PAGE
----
Among the writing staff of the seminal 1990s television comedy, Seinfeld, there was strict adherence to a dictum laid down by the brain trust behind the show, the comedians Jerry Seinfeld and Larry David. In conceiving and presenting the weekly preoccupations and misadventures of four ostensibly full-grown adults in New York City — characters whose defining trait, individually and collectively, was their myopic self-absorption — that single rule that was inviolable:
What this meant in practice was that Seinfeld became the antidote to the formulaic approach of virtually every other situation comedy that had preceded it. The genius of the show was that, over the entirety of the nine years that it aired, the main characters did not “grow” a single iota as human beings. The show ended without ever once yielding to the saccharine temptation to tug at viewers’ heartstrings. Jerry, Elaine, George, and Kramer were exactly the same self-absorbed people they had been when it started. Few, if any, television shows have been as consistently funny, but I’m hard-pressed to think of another comedy, pre-Seinfeld, that took such a cheerfully dim view of human nature.
That ethos made for outstanding situational humor. It’s not so funny when it’s the ethos of any actual person or group or community. Or, at the very least, it’s funny in a different way.
As it relates to the “community” category above, few readers will be surprised to learn that I have in mind the one in which I live and work. I’ve always been parochial in that way, and I don’t see that changing at this stage of my active citizenship and journalistic endeavors.
For me, local is where it’s at, and where it always has been and will be. That’s a lifelong conviction that has only deepened with the passing of decades — and is becoming deeper still in the strange and uncertain times in which we toil, brought on by critical systemic dysfunction in our politics and government, both nationally and (for us hardy denizens of Alabama) at the state level.
At the risk of raising hackles among some presumptive allies, I can state honestly and with some modicum of pride that I’ve been believing in Birmingham for a long time — and, just to be egalitarian in my presumption, I’ll add that I’ve been working for a better Birmingham and trying in every way I know how to help the Magic City rise. Not to put too fine a point on it, but it is with absolute sincerity and appreciation that I tell you that witnessing the arrival of reinforcements in such force and number and enthusiasm has been one of the truest pleasures of my life in recent years.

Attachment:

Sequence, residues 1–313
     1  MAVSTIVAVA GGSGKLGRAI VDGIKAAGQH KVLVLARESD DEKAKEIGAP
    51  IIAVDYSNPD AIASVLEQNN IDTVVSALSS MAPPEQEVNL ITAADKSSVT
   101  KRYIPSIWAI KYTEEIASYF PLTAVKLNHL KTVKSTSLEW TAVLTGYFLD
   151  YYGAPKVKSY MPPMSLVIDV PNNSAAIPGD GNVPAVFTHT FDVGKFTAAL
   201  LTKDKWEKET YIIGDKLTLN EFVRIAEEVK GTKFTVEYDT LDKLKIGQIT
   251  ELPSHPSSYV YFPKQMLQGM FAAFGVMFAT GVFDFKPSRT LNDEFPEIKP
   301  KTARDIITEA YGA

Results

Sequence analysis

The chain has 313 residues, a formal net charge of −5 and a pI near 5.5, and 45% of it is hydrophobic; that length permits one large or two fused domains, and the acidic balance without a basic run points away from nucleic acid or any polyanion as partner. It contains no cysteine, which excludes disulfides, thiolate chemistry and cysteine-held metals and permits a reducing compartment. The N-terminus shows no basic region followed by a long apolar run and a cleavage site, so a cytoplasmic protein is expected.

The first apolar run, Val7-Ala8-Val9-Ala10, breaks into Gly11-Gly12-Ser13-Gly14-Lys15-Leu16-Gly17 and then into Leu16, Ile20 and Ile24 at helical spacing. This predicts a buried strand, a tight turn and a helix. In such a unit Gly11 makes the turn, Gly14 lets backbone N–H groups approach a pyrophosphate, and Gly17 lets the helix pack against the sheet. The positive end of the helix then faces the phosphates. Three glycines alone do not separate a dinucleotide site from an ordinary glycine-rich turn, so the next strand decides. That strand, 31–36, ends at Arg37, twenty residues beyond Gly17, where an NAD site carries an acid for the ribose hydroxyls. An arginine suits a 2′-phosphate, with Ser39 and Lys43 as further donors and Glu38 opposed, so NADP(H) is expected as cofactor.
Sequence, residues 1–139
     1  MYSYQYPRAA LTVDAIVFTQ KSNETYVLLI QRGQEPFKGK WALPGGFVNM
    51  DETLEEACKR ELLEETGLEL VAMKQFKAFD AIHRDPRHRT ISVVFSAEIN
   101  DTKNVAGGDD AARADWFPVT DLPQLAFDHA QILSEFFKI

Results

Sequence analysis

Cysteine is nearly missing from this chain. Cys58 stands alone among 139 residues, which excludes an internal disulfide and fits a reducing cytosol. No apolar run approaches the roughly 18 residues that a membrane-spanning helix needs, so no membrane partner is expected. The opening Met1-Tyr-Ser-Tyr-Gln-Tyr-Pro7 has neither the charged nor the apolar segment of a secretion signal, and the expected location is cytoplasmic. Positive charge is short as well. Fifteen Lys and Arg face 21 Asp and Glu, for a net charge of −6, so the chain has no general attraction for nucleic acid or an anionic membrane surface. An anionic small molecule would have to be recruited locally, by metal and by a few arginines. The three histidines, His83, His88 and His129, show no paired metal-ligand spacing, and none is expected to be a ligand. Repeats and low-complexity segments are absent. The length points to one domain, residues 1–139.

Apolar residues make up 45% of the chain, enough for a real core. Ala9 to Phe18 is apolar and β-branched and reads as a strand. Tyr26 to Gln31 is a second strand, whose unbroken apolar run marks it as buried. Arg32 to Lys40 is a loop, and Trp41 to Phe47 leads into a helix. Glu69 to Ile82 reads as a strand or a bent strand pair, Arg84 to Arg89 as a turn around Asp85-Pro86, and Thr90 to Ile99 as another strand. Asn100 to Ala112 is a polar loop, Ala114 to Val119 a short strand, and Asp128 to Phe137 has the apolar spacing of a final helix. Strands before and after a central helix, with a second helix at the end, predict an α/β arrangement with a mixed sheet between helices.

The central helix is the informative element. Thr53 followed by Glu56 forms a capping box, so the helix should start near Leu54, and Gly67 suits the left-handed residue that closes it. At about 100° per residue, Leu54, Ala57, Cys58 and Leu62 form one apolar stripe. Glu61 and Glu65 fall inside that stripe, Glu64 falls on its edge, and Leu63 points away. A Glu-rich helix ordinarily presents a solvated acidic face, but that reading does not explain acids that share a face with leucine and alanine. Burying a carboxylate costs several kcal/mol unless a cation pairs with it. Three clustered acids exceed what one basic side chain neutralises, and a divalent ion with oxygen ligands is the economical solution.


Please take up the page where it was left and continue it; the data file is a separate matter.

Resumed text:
On the other end of the spectrum, every time I start to feel good about where Birmingham might be going — about the prospects of breaking the ingrained patterns of our history and heritage — something happens. Some remembrance of things past, some nagging thought of present difficulties, some circumstance or event that strikes a discordant note in efforts to get all of us singing off the same page of the civic hymnal.
For instance: Is it not remarkable and disheartening and maybe at least slightly soul-deadening to contemplate that less than a decade has passed since a slew of elected officials either copped pleas or did time for their roles in the labyrinthine mess that was the Jefferson County sewer scandal, and yet here we are again, with multiple ongoing investigations by federal and state authorities into suspected criminal wrongdoing by elected officials and quasi-public institutions in Birmingham and Jefferson County?
See, it’s things like that give me pause, these unending reiterations of historic obstacles to transformative growth and development in Birmingham. The apparently congenital nature of political corruption is one of those obstacles; others include the rigidity of social and economic structures and the absence of anything like a unifying vision of what Birmingham want to be and do and represent.
Individually and together, these historical reiterations suggest that Birmingham might have a problem — a problem with learning. We might be the Jerry, Elaine, George, and Kramer of American cities.
It takes nothing away from the “good” things that are happening in Birmingham to point this out — or even to suggest that not all of the “good” things are as good as they might be perceived. It is only by questioning ourselves, by being our own worst critics, by constantly seeking and applying ways to improve the lives of our citizens — in other words, by learning — that Birmingham will have any hope of achieving greatness as a city.